47 METERS DOWN makes THE SHALLOWS look like OPEN WATER, OPEN WATER look like JAWS, and JAWS look like the absolute pinnacle of all human endeavor.
The first 20 minutes or so are pretty interesting and Fassbender is doing good work (especially as Walter, whom he plays like an eager-to-please child). I also liked a lot of Billy Crudup's acting decisions; unsure and trying to muster confidence.
But the rest of the film feels arbitrary and rushed, ultimately robbing the story of any depth and meditation.
And that shower scene is so astonishingly stupid, so absolutely tone deaf, as to quite possibly rank as the single worst directorial decision Ridley Scott has ever made.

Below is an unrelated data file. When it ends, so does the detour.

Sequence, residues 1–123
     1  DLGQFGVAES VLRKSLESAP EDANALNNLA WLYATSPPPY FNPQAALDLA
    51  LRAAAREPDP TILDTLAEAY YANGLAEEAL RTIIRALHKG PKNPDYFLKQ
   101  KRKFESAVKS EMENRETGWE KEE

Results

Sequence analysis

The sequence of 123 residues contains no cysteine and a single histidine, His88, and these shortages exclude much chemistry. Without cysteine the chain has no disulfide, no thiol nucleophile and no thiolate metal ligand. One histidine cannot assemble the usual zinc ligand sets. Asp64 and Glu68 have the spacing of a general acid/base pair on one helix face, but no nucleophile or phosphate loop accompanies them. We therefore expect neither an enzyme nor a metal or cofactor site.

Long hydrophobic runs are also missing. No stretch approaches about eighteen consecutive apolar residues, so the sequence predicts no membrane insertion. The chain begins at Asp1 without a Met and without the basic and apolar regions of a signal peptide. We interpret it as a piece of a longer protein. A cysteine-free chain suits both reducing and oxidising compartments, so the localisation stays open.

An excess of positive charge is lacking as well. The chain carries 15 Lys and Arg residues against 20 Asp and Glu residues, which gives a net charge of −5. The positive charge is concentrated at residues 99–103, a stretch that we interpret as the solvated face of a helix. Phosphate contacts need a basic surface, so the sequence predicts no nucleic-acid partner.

Jon Gunn’s THE CASE FOR CHRIST manages to accomplish what so many Christian films have failed to do. While so few of the characters found in modern Christian films ever really register as real, flesh-and-blood human beings, THE CASE FOR CHRIST is peopled with flawed, struggling characters who live in the same world as the rest of us. That combined with the investigative journalistic nature of the story, and we arrive at a film that, while certainly imperfect, is often effective and occasionally even powerful.
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For a good portion of Sean Ellis’ Anthropoid, it felt like just another World War II movie. As horrendous as it may sound, I found myself thinking, “Do we really need another standard World War II movie?” Of course, exploring the bloodiest and most complex war in human history has led to some of the best movies ever made. But, 70 years and hundreds of war movies later, is there anything new to say? Or has the war simply become…